The Court further finds . . . . [t]he plaintiff's husband has testified that the defendant told him he took nude pictures of his wife and he'd publish them in the neighborhood. The Court has already found both plaintiff and her husband to be credible witnesses.
The Court finds that this defendant, based on this series of activities, is absolutely out of control.
The Court finds, based on the series of acts, that he has indeed committed harassment upon the plaintiff and her family.
The Court finds the plaintiff's proofs compelling and the defendant's proofs not compelling, in fact, not credible whatsoever.
Based upon all of these findings, the Court finds that the plaintiff has proven the defendant has committed the act of domestic violence by way of harassment and will now enter a final restraining order. The Court will go about doing that at the present time.
Defendant appeals the FRO, now with the assistance of counsel. He argues that (1) he was not a former "household member" with plaintiff subject to the jurisdiction of the Act; (2) the trial judge improperly elicited testimony as to ultimate issues; (3) the judgment is against the weight of the evidence; and (4) the court denied him due process by considering proofs outside the scope of the pleaded allegations. In an amended notice of appeal,*fn1 defendant further contends that the trial court erred in the manner in which it performed a reconstruction of gaps in the trial record and in denying defendant certain discovery in connection with that reconstruction process.
As a threshold matter, we are satisfied that the trial court's reconstruction of the transcript from this pro se trial was performed in a reasonable fashion, consistent with the objectives of R. 2:5-3(f). The reconstruction was conducted because the latter part of plaintiff's direct examination, her cross examination, and the first part of Mr. Bursztyn's direct examination could not be transcribed, due to background sounds on the audio tape recording. On remand from this court, the trial judge reasonably attempted to reconstruct the omitted portions of the record. Although the judge had not retained any bench notes, he obtained written submissions from both litigants and conducted a hearing. Following that process, the judge issued a reconstruction order on June 27, 2007, adopting the mutual reconstructions agreed upon by the parties and also granting some, but not all, of the other reconstructions individually proposed.
Although defendant has criticized the reconstruction in various respects, none of those criticisms warrant relief. In particular, the judge did not err in allowing plaintiff to use her notes regarding the content of defendant's telephone messages, which also were notes that she had consulted during the original trial, to refresh her recollections and thereby assist in the reconstruction. We defer to the judge's discretion in discovery matters, in his determination that plaintiff did not have to turn over her personal notes to defendant. We further sustain the judge's imposition of counsel fees as a sanction for defendant's repeated unsuccessful applications to the court on reconstruction issues that necessitated the services of plaintiff's appellate counsel. N.J.S.A. 2C:25-29(b)(4); see also R. 4:23-1(c).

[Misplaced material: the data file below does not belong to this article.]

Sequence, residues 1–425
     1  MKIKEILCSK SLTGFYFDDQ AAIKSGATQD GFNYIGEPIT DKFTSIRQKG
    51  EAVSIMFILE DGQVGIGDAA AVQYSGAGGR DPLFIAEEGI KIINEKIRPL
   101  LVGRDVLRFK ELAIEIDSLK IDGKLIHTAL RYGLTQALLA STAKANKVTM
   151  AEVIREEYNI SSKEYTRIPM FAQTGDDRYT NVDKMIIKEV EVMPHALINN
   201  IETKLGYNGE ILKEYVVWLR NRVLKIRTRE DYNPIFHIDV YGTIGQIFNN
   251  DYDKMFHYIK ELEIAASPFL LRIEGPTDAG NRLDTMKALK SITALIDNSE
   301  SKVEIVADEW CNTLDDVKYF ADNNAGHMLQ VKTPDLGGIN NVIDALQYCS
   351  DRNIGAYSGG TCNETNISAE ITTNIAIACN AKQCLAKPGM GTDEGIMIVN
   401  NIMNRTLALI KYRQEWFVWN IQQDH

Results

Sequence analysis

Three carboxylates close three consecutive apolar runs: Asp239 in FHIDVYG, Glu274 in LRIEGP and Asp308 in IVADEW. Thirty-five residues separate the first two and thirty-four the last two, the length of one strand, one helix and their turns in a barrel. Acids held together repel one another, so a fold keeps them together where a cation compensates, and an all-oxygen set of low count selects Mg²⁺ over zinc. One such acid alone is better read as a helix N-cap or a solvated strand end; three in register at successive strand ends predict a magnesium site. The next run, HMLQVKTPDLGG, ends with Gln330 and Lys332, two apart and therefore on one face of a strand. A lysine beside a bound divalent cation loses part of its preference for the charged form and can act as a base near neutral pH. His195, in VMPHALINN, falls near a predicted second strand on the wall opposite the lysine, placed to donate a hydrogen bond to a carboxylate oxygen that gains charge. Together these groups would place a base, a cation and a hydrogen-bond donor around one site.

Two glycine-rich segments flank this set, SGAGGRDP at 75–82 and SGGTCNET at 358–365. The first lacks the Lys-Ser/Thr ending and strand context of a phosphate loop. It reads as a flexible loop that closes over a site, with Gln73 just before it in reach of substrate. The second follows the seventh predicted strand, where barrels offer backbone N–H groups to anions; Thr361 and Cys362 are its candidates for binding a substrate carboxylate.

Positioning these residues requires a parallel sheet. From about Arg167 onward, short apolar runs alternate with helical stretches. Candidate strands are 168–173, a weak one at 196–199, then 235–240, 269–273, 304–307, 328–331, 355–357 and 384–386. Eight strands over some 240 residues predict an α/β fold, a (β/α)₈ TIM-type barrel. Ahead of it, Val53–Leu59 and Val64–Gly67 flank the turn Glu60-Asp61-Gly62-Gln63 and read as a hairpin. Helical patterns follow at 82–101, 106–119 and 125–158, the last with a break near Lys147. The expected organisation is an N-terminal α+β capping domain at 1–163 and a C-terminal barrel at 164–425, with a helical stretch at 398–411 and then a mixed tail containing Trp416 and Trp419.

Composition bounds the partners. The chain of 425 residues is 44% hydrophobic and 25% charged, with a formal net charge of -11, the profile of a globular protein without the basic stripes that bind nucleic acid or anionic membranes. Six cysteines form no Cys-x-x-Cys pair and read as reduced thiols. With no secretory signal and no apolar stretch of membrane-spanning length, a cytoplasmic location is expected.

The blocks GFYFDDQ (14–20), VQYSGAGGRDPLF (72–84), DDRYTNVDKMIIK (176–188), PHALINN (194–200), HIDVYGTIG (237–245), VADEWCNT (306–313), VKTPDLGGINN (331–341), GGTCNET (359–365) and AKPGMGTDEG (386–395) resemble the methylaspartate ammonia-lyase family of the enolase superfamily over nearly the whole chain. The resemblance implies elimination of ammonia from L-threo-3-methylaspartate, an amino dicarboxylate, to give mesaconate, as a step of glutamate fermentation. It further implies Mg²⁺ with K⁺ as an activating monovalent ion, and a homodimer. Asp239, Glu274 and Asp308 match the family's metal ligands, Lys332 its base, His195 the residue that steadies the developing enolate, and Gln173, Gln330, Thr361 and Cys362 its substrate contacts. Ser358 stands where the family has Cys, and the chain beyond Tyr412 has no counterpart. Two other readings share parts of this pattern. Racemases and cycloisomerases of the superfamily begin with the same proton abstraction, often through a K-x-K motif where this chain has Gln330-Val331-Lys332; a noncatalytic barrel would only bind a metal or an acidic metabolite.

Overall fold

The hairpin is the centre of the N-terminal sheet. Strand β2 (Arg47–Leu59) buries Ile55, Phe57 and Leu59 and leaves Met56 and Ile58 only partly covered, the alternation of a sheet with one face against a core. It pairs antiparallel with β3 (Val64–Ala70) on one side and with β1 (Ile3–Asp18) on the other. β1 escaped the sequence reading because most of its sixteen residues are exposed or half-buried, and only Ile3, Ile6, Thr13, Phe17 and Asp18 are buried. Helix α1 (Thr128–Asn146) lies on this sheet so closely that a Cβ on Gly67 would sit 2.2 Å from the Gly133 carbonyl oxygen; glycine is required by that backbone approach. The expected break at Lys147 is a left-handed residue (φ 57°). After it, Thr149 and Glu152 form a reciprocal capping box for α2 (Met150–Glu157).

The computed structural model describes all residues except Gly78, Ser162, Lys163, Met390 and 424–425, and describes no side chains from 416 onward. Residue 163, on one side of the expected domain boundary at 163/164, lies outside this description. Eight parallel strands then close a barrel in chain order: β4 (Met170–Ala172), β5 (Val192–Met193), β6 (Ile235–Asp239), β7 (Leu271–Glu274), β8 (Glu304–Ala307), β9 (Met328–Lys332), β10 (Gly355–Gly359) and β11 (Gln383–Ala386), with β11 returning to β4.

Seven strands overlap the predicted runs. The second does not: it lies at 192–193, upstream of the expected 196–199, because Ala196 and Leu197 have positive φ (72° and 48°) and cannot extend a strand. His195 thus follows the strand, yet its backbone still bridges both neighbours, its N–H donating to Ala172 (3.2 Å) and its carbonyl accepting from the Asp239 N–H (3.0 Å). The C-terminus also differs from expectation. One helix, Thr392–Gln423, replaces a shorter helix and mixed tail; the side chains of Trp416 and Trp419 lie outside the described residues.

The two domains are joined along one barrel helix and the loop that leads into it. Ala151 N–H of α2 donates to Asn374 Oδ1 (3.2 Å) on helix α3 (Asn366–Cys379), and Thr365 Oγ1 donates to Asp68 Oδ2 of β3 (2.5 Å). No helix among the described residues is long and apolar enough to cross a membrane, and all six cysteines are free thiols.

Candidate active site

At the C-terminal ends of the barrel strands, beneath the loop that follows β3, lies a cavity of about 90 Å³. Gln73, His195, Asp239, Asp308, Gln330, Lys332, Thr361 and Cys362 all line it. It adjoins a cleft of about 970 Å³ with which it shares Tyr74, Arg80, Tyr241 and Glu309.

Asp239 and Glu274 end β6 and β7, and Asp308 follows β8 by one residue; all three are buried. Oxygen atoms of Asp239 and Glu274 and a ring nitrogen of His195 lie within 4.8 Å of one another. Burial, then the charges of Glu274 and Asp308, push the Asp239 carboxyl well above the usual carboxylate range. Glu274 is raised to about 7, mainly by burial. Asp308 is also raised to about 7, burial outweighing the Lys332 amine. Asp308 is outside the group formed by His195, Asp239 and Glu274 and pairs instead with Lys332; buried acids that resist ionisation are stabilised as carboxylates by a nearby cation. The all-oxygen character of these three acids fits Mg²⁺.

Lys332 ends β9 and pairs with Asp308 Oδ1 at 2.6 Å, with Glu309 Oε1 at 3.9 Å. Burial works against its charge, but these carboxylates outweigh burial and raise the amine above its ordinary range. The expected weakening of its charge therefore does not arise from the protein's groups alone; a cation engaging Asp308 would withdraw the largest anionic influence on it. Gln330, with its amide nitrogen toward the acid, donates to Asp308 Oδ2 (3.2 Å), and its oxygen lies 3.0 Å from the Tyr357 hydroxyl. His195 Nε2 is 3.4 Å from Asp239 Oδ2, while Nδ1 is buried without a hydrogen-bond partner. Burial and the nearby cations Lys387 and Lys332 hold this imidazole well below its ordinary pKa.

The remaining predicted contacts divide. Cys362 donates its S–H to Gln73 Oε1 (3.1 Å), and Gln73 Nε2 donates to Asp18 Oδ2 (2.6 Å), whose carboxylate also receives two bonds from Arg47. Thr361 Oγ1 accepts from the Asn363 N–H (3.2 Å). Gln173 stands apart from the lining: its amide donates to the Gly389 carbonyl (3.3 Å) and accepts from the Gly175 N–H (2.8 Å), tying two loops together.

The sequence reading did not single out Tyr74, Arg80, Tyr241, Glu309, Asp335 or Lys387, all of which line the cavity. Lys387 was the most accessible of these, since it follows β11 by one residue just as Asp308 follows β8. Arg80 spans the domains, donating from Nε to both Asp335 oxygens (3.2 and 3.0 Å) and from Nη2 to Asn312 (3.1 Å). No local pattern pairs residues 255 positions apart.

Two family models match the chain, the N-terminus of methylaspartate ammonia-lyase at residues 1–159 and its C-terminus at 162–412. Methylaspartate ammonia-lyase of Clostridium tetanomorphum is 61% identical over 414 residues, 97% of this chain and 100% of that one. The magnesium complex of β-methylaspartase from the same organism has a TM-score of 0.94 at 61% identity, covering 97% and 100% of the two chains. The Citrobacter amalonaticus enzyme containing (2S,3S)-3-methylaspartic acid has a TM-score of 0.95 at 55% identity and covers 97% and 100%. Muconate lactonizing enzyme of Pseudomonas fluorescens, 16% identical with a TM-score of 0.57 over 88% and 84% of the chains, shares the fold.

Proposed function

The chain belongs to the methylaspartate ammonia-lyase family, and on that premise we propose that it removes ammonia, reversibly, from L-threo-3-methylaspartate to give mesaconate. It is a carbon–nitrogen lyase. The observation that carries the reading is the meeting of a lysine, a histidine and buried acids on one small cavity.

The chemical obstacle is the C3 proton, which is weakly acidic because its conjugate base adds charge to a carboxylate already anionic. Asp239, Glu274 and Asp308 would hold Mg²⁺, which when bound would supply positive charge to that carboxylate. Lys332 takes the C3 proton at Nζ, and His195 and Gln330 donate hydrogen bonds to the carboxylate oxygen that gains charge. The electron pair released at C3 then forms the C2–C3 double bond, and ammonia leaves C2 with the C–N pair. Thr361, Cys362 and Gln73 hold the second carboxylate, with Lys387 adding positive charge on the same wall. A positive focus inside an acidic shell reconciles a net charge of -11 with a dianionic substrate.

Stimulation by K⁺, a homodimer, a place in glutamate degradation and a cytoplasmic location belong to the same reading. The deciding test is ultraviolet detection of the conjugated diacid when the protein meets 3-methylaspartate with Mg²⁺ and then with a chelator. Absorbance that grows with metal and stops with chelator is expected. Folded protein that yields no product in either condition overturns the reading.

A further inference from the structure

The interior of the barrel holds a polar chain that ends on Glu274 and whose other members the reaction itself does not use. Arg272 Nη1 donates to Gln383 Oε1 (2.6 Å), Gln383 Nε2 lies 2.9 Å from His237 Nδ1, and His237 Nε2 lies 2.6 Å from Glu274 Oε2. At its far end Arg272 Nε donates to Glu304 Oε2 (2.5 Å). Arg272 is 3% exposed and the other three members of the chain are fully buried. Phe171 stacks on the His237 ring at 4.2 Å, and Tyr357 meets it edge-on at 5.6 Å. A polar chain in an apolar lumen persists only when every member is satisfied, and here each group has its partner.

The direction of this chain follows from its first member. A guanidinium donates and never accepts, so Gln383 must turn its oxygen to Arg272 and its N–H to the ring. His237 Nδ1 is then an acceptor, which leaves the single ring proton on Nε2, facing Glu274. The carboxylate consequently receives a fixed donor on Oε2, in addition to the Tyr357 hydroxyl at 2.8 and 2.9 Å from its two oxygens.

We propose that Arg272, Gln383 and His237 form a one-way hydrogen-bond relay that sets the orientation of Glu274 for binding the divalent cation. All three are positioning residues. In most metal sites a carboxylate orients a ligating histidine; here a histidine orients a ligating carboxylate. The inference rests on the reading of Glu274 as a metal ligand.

We also reject defendant's contention that the reconstruction process in this case had to replicate the processes described in certain reported decisions. See, e.g., State v. Casimono, 298 N.J. Super. 22 (App. Div. 1997), certif. denied, 154 N.J. 609 (1998); State v. Izaguirre, 272 N.J. Super. 51 (App. Div.), certif. denied, 137 N.J. 167 (1994). Unlike this pro se case, the judges performing the reconstruction in Casimono and Izaquirre had the benefit of the collaborative efforts of trial counsel, who attempted as officers of the court to piece together the missing testimony from their professional work product and recollections. In sum, we discern no reason to set aside the judge's reconstruction.*fn2
With respect to jurisdiction, the circumstances are more than sufficient to support the judge's finding that defendant was subject to the Act as a former member of plaintiff's "household" under N.J.S.A. 2C:25-19(d). We note that our courts have tended to consider the term "household" in a broad, nonmechanistic manner. Storch v. Sauerhoff, 334 N.J. Super. 226, 235 (Ch. Div. 2000); see also Hardwicke v. Am. Boychoir Sch., 188 N.J. 69, 94 (2006) (sustaining a trial judge's finding that a private school functioned as a boarding student's "household," even though no members of his family resided there). "Depending on the factual circumstances . . . parties living in different houses in the same neighborhood or separate apartments in the same apartment complex may be deemed as part of the same household for purposes of the Act." Zappaunbulso v. Zappaunbulso, 367 N.J. Super. 216, 226 (App. Div. 2004) (citing Storch, supra, 334 N.J. Super. at 229-35; South v. North, 304 N.J. Super. 104, 109-14 (Ch. Div. 1997)).